But as I was watching the movie this time, I was struck again by one of the central themes of the film--the road not taken. In the case of both Kirk and Picard, each is struck by regrets over the choices they've made in their lives. Kirk sees the command seat on the Enterprise B and regrets that someone else is sitting in it, not him. And Picard questions what his life would have been like if he'd found time for a family. (Offscreen, Picard's brother and his son are killed in a fire, thus bringing up Picard's fear of the family name not continuing.) Both men are swept into a space anamoly called the Nexus, that is described as "being inside of joy." In the Nexus, both men are given the opportunity to see their lives as they could have been and aren't. And they have the ability to go foward, backward and sideways into thse new lives.
However, both quickly realize that this is a false sense of joy...it's not a sense of really accomplishment. It's fake and hollow. And both men make the choice to leave pure joy and pursue their own lives and possibly save civilization as we know it. But it's a hard choice for both. We see both men able to relive moments of regret for the choice of the road not taken and see how life might have been differrent. Indeed, the Nexus scenes almost scream out for a reading of the Robert Frost poem "Two roads diverged..."
It's an interesting question...playing the "what if?" game. Shoot, I've kind of played it myself writing this post, wondering what might have happened if I'd picked up the clue that the girl I went to see the movie with at the discount cinemas wanted to be more than just friends? What if I'd realized--hey, this could be a better date if you'd not go see that Star Trek movie you've seen twice before or--better yet--realized that the woman in question was sharing my enthusiasm for something that interested me and wanted to see it with me.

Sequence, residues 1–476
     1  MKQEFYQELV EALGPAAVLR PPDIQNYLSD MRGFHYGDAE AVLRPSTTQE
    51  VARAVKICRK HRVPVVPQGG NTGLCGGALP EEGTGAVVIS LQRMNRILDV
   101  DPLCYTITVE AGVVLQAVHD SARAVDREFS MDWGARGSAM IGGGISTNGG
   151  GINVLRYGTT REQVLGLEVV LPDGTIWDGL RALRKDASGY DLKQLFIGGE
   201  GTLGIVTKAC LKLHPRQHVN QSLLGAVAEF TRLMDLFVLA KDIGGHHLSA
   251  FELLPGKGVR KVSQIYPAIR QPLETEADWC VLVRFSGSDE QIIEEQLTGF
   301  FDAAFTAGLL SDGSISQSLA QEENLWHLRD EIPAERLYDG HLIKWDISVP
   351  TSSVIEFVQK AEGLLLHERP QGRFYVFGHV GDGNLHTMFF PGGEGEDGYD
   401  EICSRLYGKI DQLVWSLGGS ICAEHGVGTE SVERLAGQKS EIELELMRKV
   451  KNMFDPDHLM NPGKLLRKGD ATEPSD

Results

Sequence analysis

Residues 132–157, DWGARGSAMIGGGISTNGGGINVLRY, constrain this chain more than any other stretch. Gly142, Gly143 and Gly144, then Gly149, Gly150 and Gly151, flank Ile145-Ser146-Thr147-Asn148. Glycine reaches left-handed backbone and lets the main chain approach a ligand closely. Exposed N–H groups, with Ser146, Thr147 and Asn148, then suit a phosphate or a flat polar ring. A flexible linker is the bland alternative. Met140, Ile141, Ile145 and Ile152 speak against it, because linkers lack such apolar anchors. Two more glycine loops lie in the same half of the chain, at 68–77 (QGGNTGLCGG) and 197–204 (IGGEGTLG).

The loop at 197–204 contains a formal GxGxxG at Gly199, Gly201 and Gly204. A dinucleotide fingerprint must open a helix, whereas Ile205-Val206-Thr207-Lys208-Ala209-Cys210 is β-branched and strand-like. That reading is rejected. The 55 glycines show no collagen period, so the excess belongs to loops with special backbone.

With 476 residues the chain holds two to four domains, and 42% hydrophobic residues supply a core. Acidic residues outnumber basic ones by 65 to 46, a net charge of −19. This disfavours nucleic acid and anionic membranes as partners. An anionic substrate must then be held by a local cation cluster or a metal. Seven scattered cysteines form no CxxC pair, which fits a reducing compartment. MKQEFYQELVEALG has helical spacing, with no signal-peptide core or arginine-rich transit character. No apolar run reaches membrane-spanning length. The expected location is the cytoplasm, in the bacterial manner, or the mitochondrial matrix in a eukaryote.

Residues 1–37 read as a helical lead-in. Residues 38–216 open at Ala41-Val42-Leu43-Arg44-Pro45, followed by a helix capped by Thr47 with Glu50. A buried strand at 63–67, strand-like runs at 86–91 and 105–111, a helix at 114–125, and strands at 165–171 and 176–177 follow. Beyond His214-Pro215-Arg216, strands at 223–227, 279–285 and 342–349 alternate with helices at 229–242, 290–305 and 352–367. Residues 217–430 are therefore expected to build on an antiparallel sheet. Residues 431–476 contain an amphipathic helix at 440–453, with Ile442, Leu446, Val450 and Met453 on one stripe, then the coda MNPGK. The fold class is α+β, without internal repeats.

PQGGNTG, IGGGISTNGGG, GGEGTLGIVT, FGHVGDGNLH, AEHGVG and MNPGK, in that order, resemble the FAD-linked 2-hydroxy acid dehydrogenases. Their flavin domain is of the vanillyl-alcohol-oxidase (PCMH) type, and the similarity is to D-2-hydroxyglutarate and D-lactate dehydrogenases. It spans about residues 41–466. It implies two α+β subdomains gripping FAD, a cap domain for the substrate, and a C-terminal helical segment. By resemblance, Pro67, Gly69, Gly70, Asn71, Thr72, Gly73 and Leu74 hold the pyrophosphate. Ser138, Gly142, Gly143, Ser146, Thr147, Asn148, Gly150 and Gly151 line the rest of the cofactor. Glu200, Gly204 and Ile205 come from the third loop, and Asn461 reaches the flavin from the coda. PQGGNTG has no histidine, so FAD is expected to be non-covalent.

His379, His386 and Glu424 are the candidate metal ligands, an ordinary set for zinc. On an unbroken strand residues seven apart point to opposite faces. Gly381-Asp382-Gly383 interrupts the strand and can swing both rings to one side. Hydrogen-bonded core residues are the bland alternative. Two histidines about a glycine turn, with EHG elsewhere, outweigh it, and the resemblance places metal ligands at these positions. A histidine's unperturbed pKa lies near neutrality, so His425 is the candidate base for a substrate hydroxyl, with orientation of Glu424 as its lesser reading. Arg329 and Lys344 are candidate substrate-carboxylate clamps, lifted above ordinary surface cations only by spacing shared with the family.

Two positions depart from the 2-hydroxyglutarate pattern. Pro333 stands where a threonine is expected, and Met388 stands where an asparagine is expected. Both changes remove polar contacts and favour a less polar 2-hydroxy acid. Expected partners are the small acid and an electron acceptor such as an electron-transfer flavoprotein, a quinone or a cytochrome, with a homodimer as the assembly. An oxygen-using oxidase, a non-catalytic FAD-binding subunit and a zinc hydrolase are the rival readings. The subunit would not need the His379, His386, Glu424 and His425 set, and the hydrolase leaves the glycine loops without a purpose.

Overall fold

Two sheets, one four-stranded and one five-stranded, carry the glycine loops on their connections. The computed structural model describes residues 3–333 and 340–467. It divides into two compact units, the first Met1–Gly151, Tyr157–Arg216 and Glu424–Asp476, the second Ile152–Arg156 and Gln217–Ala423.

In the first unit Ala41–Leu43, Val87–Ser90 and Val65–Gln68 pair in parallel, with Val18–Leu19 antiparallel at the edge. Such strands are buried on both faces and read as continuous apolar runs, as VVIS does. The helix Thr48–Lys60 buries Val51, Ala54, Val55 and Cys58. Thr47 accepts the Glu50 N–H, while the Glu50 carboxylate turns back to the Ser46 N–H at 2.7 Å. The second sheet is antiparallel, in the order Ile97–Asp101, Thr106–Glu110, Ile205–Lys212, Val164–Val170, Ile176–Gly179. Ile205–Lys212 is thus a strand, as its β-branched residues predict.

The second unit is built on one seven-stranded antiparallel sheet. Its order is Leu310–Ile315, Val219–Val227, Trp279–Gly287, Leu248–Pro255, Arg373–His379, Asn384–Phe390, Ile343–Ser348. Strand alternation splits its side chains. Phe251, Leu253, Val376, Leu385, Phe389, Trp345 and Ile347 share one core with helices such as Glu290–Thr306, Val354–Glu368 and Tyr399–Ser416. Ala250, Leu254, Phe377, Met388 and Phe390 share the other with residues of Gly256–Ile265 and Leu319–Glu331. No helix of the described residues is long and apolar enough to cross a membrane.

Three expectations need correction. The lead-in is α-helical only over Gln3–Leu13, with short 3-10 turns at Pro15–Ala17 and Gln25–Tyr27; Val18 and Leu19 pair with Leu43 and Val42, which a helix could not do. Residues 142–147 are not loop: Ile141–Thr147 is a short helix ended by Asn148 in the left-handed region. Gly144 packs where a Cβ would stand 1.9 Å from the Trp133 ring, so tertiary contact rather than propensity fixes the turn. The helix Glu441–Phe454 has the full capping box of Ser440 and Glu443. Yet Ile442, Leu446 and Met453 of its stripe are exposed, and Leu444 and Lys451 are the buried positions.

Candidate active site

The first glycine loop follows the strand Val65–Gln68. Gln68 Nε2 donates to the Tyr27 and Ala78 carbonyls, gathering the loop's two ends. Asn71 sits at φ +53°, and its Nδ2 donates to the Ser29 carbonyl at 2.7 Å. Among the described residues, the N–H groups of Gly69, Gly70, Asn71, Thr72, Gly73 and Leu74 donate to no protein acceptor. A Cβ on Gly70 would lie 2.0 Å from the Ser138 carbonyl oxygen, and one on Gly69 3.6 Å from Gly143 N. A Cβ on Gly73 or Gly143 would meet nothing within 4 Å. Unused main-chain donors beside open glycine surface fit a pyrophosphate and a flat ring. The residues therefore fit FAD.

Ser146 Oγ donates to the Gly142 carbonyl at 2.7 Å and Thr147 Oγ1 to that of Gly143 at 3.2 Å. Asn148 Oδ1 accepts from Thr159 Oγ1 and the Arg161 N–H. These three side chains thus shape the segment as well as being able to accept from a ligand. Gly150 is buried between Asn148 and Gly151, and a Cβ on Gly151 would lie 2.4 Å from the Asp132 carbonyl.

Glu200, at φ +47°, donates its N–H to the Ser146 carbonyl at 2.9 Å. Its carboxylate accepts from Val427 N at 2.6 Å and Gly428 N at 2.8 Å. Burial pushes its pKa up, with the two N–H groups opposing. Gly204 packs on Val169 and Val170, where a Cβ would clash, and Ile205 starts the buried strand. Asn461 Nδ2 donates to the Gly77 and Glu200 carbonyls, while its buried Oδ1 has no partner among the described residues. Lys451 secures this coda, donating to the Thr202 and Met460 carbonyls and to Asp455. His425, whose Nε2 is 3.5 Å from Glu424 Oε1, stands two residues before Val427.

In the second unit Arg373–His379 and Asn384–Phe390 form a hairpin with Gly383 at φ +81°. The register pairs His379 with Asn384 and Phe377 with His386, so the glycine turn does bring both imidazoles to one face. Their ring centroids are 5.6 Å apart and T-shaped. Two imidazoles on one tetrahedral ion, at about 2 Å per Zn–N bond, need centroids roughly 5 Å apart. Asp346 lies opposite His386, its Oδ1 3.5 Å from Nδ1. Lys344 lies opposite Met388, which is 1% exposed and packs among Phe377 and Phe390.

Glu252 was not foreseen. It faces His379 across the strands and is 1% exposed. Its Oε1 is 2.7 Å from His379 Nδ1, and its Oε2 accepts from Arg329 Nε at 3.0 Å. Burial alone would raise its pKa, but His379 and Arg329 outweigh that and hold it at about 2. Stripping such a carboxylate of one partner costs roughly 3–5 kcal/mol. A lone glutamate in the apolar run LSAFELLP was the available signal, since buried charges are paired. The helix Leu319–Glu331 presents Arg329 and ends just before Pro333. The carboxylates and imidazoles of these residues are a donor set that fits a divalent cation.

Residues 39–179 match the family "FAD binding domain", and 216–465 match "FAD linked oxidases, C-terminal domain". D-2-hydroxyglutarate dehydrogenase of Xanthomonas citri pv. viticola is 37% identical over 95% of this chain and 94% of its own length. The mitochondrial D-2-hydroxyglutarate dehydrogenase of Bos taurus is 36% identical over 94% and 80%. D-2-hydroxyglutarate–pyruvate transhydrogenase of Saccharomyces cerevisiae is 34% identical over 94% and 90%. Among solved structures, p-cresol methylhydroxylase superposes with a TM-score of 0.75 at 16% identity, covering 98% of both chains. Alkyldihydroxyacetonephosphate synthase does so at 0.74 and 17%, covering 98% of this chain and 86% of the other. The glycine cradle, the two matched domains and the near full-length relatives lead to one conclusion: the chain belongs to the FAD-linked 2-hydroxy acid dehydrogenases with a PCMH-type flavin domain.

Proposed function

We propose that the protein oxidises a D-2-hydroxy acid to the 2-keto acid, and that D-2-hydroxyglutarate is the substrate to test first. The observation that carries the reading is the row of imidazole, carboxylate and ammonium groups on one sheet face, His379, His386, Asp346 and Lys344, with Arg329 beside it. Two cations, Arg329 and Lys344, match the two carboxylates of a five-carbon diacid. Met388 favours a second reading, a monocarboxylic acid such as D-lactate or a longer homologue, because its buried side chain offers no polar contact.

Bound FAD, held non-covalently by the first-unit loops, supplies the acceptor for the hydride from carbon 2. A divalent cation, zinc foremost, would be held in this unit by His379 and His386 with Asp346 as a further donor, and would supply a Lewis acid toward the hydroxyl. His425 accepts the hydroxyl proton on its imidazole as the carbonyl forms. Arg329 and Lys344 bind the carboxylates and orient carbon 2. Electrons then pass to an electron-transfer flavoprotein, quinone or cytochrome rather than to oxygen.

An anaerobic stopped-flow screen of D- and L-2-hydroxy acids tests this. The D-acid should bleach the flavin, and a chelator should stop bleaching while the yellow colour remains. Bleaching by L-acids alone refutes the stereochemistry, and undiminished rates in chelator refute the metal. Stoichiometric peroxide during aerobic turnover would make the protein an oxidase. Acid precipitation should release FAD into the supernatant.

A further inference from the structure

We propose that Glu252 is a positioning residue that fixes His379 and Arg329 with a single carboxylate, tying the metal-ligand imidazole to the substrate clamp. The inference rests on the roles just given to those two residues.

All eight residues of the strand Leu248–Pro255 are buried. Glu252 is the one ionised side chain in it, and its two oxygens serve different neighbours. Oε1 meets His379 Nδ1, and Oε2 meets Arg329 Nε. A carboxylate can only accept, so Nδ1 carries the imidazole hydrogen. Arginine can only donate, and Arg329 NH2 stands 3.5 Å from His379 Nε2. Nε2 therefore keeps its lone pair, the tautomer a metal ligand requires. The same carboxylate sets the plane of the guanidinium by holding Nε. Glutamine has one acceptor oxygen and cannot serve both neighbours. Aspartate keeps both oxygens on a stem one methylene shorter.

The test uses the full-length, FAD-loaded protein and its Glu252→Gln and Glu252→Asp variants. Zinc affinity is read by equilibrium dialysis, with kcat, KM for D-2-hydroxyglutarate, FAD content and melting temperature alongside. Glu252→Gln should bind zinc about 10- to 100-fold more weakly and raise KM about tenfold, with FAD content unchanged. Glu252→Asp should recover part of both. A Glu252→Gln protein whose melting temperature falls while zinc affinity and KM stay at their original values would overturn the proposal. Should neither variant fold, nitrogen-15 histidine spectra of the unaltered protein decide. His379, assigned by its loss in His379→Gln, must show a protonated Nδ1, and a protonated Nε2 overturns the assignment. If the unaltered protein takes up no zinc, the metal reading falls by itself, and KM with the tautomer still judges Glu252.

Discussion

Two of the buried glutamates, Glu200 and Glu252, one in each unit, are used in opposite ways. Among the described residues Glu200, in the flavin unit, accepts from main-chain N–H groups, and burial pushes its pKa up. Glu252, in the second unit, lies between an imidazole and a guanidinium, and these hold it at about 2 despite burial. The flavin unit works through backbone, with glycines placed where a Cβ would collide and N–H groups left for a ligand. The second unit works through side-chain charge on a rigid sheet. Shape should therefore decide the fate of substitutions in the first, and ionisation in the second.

But unlike Kirk and Picard, we don't get the chance to jump back into our own lives and make new choices, seeing how it might all turn out. And honestly, I think that's for the best. I am not saying I don't have a few regrets in my life, but I have to say that I also realize all the paths I've taken have made me who I am today. Change one small thing and I lose part of who I am. I mean, let's say I go back to the fateful hot summer afternoon when my dad flipped over to Dr Who for the first time and thus an obssession was born. Or if I maybe avoided making a phone call to someone at the right time or maybe stopped myself from doing something stupid that doomed another relationship or friendship.
As appealing as that may sound at times, it's just not me. I mean, I am not perfect, but I like who I am today. And you know, the thing is that I'd have to trade some of the good things in my life along with the bad things. And that's not what I want. Sure, if I can keep all the good and reject all the negative, sign me up. But ya know, life has the ups and the downs in it. And I don't really regret any of them.
Not even the million and one times I've watched Star Trek: Generations
. In a lot of ways, it's like my life..it's got it's good points and bad points. But overall, I'd have to say it's a pretty good thing and let's face it--it's much better than Insurrection
, which is just a movie that is trying too hard for its own good to be loved...
posted by Michael Hickerson at 8/04/2005 03:14:00 PM